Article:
Piston Beechcraft Accidents 7/16/2015 through 7/29/2015
Official information from FAA and NTSB sources (unless otherwise noted). Editorial comments (contained in parentheses), year-to-date summary and closing comments are those of the author. All information is preliminary and subject to change. Comments are meant solely to enhance flying safety. Please use these reports to help you more accurately evaluate the potential risks when you make your own decisions about how and when to fly. © 2015 Mastery Flight Training, Inc. All Rights Reserved
THE WEEKLY ACCIDENT UPDATE IS AN INDEPENDENT PRODUCT OF MASTERY FLIGHT TRAINING, INC.
New reports this week
7/19 1430Z (1030 local Sunday morning): A Be33’s landing gear collapsed during landing at Wilmington, North Carolina. The solo pilot was unhurt; airplane damage is “unknown”. N829T (CD-821) is/was a 1964 35-C33 registered in Wilmington.
(“Landing gear collapse during landing”)
7/25 1445Z (0945 local Saturday morning): Two aboard a Be36 were unhurt, and the airplane incurred “minor” damage, after the Bonanza’s engine failed immediately after takeoff at Wappingers Falls, New York. N6677D (E-1581) is/was a 1979 A36 registered in Stuart, Florida.
(“Engine failure immediately after takeoff”--According to an online report, "The pilot and his wife were about 300 feet in the air, traveling more than 80 mph, when they realized something was wrong with the plane. And even though pilot...and his wife...had just taken off from the Dutchess County Airport, they knew they weren't going to be able to circle back around to land on an airport runway.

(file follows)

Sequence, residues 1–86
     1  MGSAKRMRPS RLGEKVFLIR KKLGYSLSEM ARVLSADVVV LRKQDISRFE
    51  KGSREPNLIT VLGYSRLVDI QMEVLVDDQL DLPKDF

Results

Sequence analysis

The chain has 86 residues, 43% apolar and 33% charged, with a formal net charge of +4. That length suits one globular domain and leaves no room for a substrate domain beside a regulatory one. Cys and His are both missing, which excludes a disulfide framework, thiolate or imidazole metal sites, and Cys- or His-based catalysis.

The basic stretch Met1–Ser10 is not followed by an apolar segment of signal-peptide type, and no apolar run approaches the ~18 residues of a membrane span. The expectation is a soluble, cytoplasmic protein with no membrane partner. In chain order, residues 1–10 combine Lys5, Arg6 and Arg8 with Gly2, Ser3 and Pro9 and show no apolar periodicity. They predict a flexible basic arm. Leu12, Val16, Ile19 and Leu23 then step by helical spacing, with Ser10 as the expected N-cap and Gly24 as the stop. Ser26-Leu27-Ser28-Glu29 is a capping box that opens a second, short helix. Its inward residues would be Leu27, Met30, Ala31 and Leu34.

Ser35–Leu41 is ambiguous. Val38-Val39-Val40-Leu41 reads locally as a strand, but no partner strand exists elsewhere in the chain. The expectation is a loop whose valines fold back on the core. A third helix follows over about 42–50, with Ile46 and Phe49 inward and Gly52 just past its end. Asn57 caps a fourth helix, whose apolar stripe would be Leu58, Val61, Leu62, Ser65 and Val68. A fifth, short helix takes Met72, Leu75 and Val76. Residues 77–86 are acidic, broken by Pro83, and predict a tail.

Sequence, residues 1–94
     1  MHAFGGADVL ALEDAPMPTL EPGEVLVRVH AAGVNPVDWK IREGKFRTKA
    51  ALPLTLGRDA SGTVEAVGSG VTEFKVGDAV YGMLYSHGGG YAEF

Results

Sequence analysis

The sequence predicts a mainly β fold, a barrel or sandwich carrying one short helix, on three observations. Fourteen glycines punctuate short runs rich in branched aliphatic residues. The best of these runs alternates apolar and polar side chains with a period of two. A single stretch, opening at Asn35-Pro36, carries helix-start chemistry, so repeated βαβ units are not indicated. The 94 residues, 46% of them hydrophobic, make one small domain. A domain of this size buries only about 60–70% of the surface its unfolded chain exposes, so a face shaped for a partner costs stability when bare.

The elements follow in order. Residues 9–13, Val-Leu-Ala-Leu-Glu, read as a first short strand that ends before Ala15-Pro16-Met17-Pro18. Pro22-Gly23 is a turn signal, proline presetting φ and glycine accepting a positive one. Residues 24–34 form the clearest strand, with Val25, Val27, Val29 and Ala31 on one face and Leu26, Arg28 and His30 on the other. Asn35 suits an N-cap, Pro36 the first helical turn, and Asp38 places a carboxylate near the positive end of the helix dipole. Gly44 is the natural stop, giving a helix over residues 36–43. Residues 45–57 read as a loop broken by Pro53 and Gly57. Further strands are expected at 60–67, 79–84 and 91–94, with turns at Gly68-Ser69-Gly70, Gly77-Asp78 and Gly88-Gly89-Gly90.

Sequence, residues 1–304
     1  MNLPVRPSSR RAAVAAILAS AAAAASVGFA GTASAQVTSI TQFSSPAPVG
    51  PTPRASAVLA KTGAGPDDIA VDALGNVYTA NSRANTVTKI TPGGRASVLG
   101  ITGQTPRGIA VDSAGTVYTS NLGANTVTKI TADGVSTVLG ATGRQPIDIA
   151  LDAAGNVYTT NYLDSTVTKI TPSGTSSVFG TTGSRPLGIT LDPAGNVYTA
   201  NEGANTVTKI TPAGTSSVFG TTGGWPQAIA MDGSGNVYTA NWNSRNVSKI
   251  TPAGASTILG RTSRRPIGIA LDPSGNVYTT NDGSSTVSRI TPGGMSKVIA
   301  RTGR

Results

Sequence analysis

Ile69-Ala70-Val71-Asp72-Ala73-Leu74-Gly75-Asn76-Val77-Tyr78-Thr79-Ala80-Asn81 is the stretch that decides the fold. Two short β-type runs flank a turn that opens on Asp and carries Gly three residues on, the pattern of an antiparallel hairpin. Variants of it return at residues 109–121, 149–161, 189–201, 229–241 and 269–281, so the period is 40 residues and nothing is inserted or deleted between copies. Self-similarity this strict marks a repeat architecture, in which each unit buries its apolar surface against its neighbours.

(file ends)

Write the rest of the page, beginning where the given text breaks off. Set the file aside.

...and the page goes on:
"The Florida couple, the only two people in the plane, hadn't expected trouble that morning. They had never been to Dutchess and just stopped at the 'real friendly' airport to refuel.... They were heading to Burlington, Vermont from Pennsylvania.
"When he started the plane, [the pilot] 'ran the engine up as you do with your aircraft before you take off, to make sure everything's working”…. 'On departure, there's a vibration...a lot of times, your wheels are spinning so fast, you hit your toe breaks to stop them and the vibration stops.’ Not this time.
"The vibration 'continued...as I raised the gear up,” [the pilot] said. 'I realized we weren't climbing' into the air 'very much. I pulled the power completely off to try and land.’ The plane was 'going to hit those towers in front of us,' so [the pilot] 'veered off to the left…'" But that put their plane in the path of some wires.
"'We had to pull up to get over the wires and then land in just that little skinny place,' said [the pilot], who has more than 40 years of pilot experience. 'We train for things like this and it took everything we had to get through this.'
"'He was just telling me, 'it seems like there's something wrong,'” [the passenger] said. 'The next thing you know, he made the radio call: We're going down.' When the plane crashed, 'we bounced on the ground, we turned. We must have hit a rock.’”
Photos in the news report show this to be a textbook case of landing “Wings level, Under control, at the Slowest Safe speed. The pilot cites training for his success, almost certainly assured by the use of shoulder harnesses. The vibration the pilot cites might have prompted an aborted takeoff before ever getting into the air, but that’s a hard call to make from the facts presented. In all, this is an excellent job by a pilot presented with the classic engine failure immediately after takeoff. Well done!)W
7/25 1740Z (1240 local Saturday afternoon): A Be45’s nose gear collapsed during landing, at Sheboygan, Wisconsin. The solo pilot was unhurt; airplane damage was “minor”. N19DE (G-715) is/was a 1961 A45 (T-34) registered in Madison, Wisconsin.
(“Landing gear collapse during landing”)
7/25 2027Z (1527 local Saturday afternoon): A Be35’s nose gear collapsed during landing, at Ingleside, Texas. The solo pilot was unhurt; airplane damage is “minor”. N99CC (D-6790) is/was a 1961 N35 registered in Carrolton, Virginia.